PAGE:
Ph.D., Cornell University, 1986. Teaching at Chicago since 1986.
Loren Kruger’s research and teaching focus on theatre performance and theory in Europe, Africa, and the Americas, South African literature and visual culture, and on cultural theory, mostly the Marxist tradition in German, English and other languages, and its transnational legacy. She is also affiliated with the Center for the Study of Race, Politics and Culture and the U Chicago Urban Network.
Kruger’s most recent book, Imagining the Edgy City, brings together film and fiction, public art, architecture, and history with previous work on theatre and other performances in Johannesburg. The book shows how apparently new claims for Johannesburg as global city hide a long history of images of Johannesburg as the wonder city of Africa and the world, with comparisons both pertinent and impertinent with other cities from Chicago to Paris, Berlin to Bogotá, Sydney to Sāo Paolo. Johannesburg has been called the “Chicago of South Africa” partly because of gangster culture in both places, but Johannesburg also owes a lot to the influence of Chicago architects and urbanists. For more on this connection, see the blog post on the UChicago Urban Network.
Comparatively inclined courses include:
- Graduate: Before and After Beckett; Catharsis and other aesthetic responses; Drama, Theatre, Image, Performance; Marxism and Modern Culture; Translating Theory; Realism, Socialism, Modernism: a political history of cultural theory and practice; Brecht in Context
- Undergraduate: Before and After Beckett; Brecht and Beyond. Criticism and Ideology; Cinema in Africa; Modern Drama
- 2017-2018 Courses: Winter 2018, South African Fictions and Factions (undergraduate), Before and After Beckett: Theater and Theory (undergraduate); Spring 2018, Brechtian Representations: Theatre, Theory, Cinema (graduate)
- Imagining the Edgy City: Writing, Performing and Building Johannesburg (Oxford, 2013)
- Post-Imperial Brecht (Cambridge, 2004) Winner of the MLA's Scaglione Prize for Comparative Literary Study 2005)
- The Drama of South Africa: Plays, Pageants and Publics since 1910 (Routledge, 1999)
- The National Stage: Theatre and Cultural Legitimation in England, France, and America. (U of Chicago P, 1992)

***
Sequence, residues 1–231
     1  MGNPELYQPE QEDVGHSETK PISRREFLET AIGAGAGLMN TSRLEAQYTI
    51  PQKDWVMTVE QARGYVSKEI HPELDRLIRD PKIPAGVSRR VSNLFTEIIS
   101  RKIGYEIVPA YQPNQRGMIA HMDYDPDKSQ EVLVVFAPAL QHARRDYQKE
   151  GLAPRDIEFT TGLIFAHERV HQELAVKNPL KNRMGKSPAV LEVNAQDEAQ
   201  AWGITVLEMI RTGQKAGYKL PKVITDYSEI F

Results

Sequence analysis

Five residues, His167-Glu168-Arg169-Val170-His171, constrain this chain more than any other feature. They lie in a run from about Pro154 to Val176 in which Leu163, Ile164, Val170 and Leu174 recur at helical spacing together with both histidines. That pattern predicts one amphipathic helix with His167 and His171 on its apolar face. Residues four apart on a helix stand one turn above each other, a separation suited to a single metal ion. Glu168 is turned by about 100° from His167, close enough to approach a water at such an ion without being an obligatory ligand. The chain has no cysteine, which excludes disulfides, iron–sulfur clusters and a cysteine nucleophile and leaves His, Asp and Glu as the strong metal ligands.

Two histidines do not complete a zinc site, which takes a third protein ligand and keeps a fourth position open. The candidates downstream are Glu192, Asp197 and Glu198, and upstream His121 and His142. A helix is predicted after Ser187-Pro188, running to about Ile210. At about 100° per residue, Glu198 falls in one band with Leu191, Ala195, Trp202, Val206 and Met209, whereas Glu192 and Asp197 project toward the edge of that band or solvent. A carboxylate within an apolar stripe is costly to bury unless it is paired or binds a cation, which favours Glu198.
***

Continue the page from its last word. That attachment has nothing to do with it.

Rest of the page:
- Theatre Lost, Performance Found, Critical Stages no. 15 (June 2017; special issue on African Theatre)
- Brecht: Our Contemporary? (Un)timely translation and the politics of transmission, Theatre Journal 68 (2): 299-309
- Dispossession and Solidarity in Athol Fugard and Juan Radrigán, Theatre Research International 40, no.3 (2015): 314-31
- Cape Town and the Sustainable City in the Writing of Henrietta Rose-Innes, Journal of Urban Cultural Studies 2:1-2 (2015), 15-33
- Tedium: An Essay on Drag, Attunement, Theatre and Translation. Comparative Drama, 48, no.4 (2014): 393-413
- The Drama of Hospitality: performance, migration and urban renewal in Johannesburg Performance and the City: Global Stages. Ed Kim Solga and DJ Hopkins (Palgrave 2013): 19-39.
- "What Time Is This Place? Continuity and Conflict in Urban Performance Sites: Lessons from Haymarket Square.” Performance and the Politics of Space, ed. Erika Fischer-Lichte and Benjamin Wihstutz (London: Routledge 2012): 46-65
- “On The Tragedy of the Commoner,” Comparative Drama 46 (3) 2012: 355-76
- "Theatre: Regulation, Resistance and Recovery," in Cambridge History of South African Literature (2012)
- "Reviving St. Joan of the Stockyards: speculation and solidarity in the era of capitalism resurgent." Brecht and the GDR: Culture, Politics, Posterity, ed Karen Leeder and Laura Bradley (Edinburgh German Yearbook, 2011)
- "Cold Chicago: Uncivil Modernity, Urban Form and Performance," TDR 53 (3) 2009
- "The National Stage and the Naturalized House" in National Theatre in a Changing Europe ed S.E. Wilmer (Palgrave Macmillan 2007)
- " 'White Cities,' 'Diamond Zulus' and the 'African Contribution to Human Advancement': African Modernities at the World's Fairs," TDR-Journal of Performance Studies. 51; 3 (2007): 19-45
- "Positive Heroes and Abject Bodies in Heiner Müller's Production Plays," New German Critique (special issue on Heiner Müller) 98 (2006): 205-33
- " 'Black Atlantics,' 'White Indians,' and 'Jews': Locations, Locutions, and Syncretic Identities in the Fiction of Achmat Dangor and others," South Atlantic Quarterly 100: 1 (2001 special issue: Atlantic Geneologies): 111-43
Arthur Molepo in Junction Avenue Theatre Company's Love, Crime and Johannesburg (1999)
Photograph by Ruphin Coudyzer
Cover photograph: Zombie
by Brett Bailey
National Arts Festival, 1996
Courtesy of the Grahamstown Foundation, South Africa.
“The Supreme Court axes the AAA” In Triple A Plowed Under by the Living Newspaper
US Federal Theatre Project, New York 1936.
Source: Library of Congress: Federal Theatre Project Collection